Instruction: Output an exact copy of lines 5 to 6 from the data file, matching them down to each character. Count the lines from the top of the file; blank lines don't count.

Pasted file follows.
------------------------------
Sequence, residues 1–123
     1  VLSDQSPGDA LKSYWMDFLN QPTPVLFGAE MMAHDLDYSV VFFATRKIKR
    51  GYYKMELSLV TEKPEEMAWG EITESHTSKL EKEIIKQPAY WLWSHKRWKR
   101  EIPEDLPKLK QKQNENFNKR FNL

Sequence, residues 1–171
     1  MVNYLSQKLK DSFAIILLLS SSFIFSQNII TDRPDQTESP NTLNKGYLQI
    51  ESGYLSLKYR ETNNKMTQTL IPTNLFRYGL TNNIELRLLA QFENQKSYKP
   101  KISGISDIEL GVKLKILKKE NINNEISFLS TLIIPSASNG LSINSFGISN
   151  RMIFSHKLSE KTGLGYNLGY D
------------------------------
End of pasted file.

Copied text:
Sequence, residues 1–171
     1  MVNYLSQKLK DSFAIILLLS SSFIFSQNII TDRPDQTESP NTLNKGYLQI